Labour leader Andrew Little says John Key needs to be clear with New Zealanders about what the difference is between the collection of their data versus surveillance by the GCSB.
The Prime Minister says he will resign if the GCSB has undertaken mass surveillance against New Zealanders, but not if it has undertaken mass collection of their communications.
Mr Key has repeated that the GCSB is not and never has undertaken mass surveillance of New Zealanders.
He says everyone can have their own legal definitions of mass surveillance. "But I think it's pretty clear what we mean by mass surveillance - the entire population or at least a big part thereof. Everyone I think understands what surveillance is. And that is against the law."
Mr Key said: "I didn't even know what you mean by mass collection. I have no clue. It is not a term I have ever seen. It's not a term I have ever used. It's not something that sits in something I see."
Mr Little says he thinks the Prime Minister is being "pretty tricky" about the difference between data collection and surveillance.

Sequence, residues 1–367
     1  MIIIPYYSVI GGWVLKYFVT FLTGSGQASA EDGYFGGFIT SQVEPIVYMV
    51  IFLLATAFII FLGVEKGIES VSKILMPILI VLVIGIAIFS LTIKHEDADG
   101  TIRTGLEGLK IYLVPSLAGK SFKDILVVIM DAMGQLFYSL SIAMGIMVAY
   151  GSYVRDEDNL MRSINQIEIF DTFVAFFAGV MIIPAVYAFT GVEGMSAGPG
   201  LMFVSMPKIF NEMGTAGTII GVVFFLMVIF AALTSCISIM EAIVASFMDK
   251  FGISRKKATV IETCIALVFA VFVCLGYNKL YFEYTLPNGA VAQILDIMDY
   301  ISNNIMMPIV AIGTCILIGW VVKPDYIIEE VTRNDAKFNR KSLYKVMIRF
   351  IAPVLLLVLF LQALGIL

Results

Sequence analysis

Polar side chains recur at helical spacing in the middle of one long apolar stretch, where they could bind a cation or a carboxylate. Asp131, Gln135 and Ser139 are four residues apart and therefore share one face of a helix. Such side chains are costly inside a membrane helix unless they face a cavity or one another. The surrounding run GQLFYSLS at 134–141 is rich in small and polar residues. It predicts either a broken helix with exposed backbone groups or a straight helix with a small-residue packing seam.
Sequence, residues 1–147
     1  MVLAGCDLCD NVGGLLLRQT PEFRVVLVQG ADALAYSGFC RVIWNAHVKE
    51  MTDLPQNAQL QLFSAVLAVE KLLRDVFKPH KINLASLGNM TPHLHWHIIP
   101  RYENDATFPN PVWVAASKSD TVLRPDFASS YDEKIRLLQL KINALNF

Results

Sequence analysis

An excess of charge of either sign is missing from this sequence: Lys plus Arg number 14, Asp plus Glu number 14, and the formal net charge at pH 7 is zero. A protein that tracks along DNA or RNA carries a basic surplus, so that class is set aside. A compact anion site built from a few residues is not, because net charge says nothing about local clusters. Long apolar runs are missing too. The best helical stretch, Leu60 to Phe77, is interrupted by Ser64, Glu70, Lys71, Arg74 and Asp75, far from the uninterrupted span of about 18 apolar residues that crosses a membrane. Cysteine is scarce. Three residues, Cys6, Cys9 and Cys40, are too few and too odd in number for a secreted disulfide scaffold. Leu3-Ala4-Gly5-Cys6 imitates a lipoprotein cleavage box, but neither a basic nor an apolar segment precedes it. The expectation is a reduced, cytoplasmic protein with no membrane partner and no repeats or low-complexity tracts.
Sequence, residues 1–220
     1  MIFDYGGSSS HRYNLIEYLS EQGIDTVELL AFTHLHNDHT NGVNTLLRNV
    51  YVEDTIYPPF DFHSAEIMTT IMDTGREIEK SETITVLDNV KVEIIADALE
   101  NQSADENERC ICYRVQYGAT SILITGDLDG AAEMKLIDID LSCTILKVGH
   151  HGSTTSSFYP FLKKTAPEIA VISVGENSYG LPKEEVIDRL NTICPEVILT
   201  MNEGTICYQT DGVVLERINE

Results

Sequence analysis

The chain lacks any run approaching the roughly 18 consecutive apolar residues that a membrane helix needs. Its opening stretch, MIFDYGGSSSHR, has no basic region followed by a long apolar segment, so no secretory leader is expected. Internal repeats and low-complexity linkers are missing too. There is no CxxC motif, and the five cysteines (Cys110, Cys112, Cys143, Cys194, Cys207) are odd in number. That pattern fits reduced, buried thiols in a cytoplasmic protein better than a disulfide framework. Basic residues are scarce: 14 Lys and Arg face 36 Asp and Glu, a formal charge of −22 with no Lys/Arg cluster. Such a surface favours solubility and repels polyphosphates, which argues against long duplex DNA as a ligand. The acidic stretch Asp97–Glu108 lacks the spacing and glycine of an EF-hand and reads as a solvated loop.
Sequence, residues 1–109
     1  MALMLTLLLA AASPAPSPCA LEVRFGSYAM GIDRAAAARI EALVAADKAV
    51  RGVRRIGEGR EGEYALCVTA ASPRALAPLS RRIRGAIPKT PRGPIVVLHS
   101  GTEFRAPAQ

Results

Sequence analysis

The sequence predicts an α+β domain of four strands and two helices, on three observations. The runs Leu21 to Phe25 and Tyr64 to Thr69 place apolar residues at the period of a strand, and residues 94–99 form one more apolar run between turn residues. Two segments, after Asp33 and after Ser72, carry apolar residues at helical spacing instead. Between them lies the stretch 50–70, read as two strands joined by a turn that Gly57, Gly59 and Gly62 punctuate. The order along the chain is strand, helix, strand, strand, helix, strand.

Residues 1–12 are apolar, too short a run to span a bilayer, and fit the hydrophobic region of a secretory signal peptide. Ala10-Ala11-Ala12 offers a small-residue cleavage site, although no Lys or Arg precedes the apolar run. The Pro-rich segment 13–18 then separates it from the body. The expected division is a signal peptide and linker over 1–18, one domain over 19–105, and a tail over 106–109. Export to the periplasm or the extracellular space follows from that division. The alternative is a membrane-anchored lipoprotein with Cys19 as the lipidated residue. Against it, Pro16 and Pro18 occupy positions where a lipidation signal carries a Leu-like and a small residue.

"I think he needs to be clear with New Zealanders about what that difference is. He says that you can go to a different lawyer and get a different opinion.
"He's got the country's top lawyer, the Attorney-General, in charge of the security agencies. He can ask his top lawyer and tell the rest of New Zealand what the data collection is and whether or not that's surveillance."
Mr Little says his view is that once the data is collected that's the intrusion of privacy.
"It's like nicking someone's mail. You might not open it but you've got their mail. That's the intrusion on the person's privacy," he says.
"It's the same here. He should be clear with New Zealanders about whether that's what's happening and if so he's got to think about what he does," Mr Little says.